Fast Ways to Make Your Video Card Scream
Posted: October 4, 2000
Written by: Keith "Farrel" McClellan


So, you've just gotten yourself a new video card (or maybe even a whole new computer) - and you are looking for a few quick ways to speed up your video subsystem without taking the risk of breaking something. Maybe you have integrated video on your motherboard and have no idea how to tune it up, and can't find a guide on tweaking your specific video chipset - or perhaps you've got a brand new board (probably from a company not known by the names 3dfx or NVIDIA) that we just haven't gotten around to (or haven't received a review unit for...) tweaking out yet. No worries! This is the place to look for some general tweaks to help you out.

The Driver Spiel

I know, I know - at this point this is old news to anyone who's read any of my previous articles - I seem to mention this over and over, don't I? Point being though, this is the fastest, easiest, and safest way to optimize the performance of your video card. You think I'm kidding? Take a look at the difference in speed from the Detonator 2 drivers to the Detonator 3 drivers (by NVIDIA). We were so astounded by the 60+% increase of the Detonator 3's over the older Detonator 2's (on the same card, no less!) at high resolutions that we dedicated a decent portion of an article (which you can read here) to it. If you are having trouble finding drivers for your video card, check out the manufacturers web page or take a look at for more information.

To get the optimum performance and stability out of your new drivers, there are a few extra steps you are going to want to go through to install the new drivers beyond what you might normally do when upgrading, say, a driver for a sound card. After you extract the drivers, go into the device manager and delete your video card (which actually deletes the video card drivers) and restart your computer. When the computer searches for the video card, finds it, and asks if you would like to point it towards the best drivers available, just point it at the directory where you extracted the new drivers and let it fly. Just FYI, if the drivers come with other, specific instructions on installing the drivers, they supercede any information I've given you here - hopefully, the manufacturer knows what it's talking about.

Monitors, Resolution, and Refresh Rate

I know, this doesn't have a whole lot to do with speed (well, with the exception of the effect of 3D rendered resolution on a game…), but it is important nonetheless if you want things looking and running as well as they possibly can. The first thing that you need to take into account is the monitor - because the size and quality of the monitor will help determine the other two subjects. If you have a 14" or 15" monitor, you are probably going to want to run your monitor in 800x600, or if you have good eyes and sit close to your monitor, 1024x768. If your monitor is 17" or larger, you should be running in at least 1024x768, if not higher. However, there is another factor you need to take into account when you are determining the resolution you are going to run your monitor at - the refresh rates available to you in that resolution.

Refresh rate, if you are not aware, is the number of times per second that the monitor 'redraws' the screen. The higher the number of times the screen is redrawn a second, the easier it is on your eyes and the lower the chance you have of getting eye strain or a headache from what is commonly referred to as 'flicker.' I would personally never choose a resolution that I couldn't run my monitor at least at 72 Hz, but some people can notice flicker (and it gives them headaches) up to 85 and sometimes even 100 Hz - so this is something that you will personally have to account for. If you are getting headaches, or you can see flicker in your screen and it bugs you, upping the refresh rate (which can be done from within the Display Properties => Settings => Advanced => Adapter menu) is the way to go.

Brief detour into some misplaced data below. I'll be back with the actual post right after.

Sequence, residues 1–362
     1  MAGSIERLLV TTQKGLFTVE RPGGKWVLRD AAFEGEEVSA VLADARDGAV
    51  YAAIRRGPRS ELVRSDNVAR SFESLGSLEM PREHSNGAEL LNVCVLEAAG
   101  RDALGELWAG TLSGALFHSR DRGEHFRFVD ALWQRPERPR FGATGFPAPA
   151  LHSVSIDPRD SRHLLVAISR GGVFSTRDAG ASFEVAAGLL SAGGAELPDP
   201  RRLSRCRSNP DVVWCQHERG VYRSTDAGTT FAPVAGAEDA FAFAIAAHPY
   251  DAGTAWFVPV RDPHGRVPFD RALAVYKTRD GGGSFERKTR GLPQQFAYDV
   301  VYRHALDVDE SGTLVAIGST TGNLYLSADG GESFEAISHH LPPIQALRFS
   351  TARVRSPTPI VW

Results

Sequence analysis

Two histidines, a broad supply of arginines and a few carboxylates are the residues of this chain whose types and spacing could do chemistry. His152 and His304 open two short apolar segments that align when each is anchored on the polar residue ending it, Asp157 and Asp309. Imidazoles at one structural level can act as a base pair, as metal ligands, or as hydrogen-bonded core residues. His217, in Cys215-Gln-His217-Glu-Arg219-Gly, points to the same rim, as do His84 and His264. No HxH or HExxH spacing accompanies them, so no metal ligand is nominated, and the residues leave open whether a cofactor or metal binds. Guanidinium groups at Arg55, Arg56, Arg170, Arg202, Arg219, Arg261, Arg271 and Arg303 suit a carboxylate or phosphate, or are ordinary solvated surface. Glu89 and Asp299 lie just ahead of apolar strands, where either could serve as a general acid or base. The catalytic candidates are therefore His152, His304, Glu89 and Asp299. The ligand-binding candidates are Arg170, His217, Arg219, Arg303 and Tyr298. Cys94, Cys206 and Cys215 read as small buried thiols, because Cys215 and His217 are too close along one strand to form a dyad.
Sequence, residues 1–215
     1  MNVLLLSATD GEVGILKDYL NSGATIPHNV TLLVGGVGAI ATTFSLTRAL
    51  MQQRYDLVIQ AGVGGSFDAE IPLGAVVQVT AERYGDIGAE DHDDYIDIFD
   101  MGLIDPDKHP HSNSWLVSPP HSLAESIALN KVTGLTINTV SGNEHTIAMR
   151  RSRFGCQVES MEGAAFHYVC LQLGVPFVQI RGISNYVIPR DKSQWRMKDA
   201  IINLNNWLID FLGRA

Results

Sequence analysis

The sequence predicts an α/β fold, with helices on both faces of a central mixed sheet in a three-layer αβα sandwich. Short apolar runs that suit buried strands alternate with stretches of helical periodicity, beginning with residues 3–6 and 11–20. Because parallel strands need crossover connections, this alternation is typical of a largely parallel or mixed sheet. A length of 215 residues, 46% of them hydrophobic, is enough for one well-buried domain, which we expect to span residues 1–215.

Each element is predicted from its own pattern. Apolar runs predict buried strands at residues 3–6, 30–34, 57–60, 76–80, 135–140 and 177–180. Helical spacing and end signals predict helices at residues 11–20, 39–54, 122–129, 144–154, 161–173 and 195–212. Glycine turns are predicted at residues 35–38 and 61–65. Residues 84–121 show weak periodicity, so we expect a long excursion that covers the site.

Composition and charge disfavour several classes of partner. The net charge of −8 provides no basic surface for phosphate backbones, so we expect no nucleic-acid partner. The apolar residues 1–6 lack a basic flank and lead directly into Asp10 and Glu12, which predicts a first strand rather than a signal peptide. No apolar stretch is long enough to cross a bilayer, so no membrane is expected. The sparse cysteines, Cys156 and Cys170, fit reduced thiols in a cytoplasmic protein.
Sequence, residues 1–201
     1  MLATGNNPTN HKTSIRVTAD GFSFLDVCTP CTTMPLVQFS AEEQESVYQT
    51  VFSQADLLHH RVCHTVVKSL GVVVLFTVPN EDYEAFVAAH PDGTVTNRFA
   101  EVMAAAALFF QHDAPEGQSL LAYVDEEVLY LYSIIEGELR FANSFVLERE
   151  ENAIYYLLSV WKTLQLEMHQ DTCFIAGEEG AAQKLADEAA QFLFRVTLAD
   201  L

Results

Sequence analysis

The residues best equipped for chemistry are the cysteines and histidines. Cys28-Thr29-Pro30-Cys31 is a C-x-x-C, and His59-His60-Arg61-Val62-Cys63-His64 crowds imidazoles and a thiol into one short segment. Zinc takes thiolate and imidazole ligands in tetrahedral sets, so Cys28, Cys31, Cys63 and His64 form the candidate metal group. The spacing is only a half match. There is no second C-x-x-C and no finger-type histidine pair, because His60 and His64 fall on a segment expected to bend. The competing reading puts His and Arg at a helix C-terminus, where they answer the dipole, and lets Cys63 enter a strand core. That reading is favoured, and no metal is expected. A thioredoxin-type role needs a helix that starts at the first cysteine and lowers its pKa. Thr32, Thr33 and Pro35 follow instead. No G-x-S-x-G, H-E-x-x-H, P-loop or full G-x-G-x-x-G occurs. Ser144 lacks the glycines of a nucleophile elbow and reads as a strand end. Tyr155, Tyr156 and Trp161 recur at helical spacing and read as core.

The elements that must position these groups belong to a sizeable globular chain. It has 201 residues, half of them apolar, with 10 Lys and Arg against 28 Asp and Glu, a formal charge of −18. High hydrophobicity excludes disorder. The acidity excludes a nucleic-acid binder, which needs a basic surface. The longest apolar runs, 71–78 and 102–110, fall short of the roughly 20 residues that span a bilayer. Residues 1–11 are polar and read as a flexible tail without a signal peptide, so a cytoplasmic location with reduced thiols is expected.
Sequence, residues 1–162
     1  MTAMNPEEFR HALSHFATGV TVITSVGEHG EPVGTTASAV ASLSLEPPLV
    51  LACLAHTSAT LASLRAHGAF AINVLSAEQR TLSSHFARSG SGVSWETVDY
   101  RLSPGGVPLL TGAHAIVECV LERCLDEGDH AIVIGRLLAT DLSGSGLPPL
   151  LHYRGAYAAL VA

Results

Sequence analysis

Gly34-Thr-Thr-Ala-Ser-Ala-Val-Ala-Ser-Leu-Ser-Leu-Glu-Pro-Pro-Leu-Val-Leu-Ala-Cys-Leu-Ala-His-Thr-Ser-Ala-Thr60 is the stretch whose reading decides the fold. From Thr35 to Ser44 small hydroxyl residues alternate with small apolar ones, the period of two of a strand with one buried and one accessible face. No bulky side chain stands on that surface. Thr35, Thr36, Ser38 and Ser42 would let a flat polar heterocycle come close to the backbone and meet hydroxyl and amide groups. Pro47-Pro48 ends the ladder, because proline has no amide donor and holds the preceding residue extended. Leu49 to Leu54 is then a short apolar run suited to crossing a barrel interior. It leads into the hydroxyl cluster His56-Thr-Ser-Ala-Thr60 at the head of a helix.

Windows Settings

There are a few general windows settings that can contribute to a speedier graphics card. The first of these settings that I'm going to cover is the performance slider that is accessible in two places, the advanced menu in the Display applet and the graphics menu in the System applet. Both are linked so you only have to change this setting in one place. I would recommend moving the slider all the way to the right, signifying "full acceleration" - on most computers this is set by default but it is best to check. Also, in the display applet, set the color depth to 16-bit color. If you are running a game in 16-bit color but have your background desktop set to 32-bit color you can take a big performance hit.


This is probably one of our favorite video card tweaking programs here at Tweak3D - it has a huge number of tweaking features for many of the current video cards available today as well as support for modifying the core and memory clocks on many of today's video cards (gotta love overclocking). If you want more information about this program, or you want to grab a copy of it for yourself, check out Powerstrip's website.


There are a lot more tweaks for video cards (as a general rule, they are one of the most tweakable parts of the computer), but the most of them are driver or chipset specific, making them difficult to cover here. If you are lucky enough to have one of the video cards that we have already written a tweak guide for (such as the Geforce or the Voodoo3), you should check those guides out for more specific information. Read the Tweak Guides Index to see if your chipset is covered by a full length guide.

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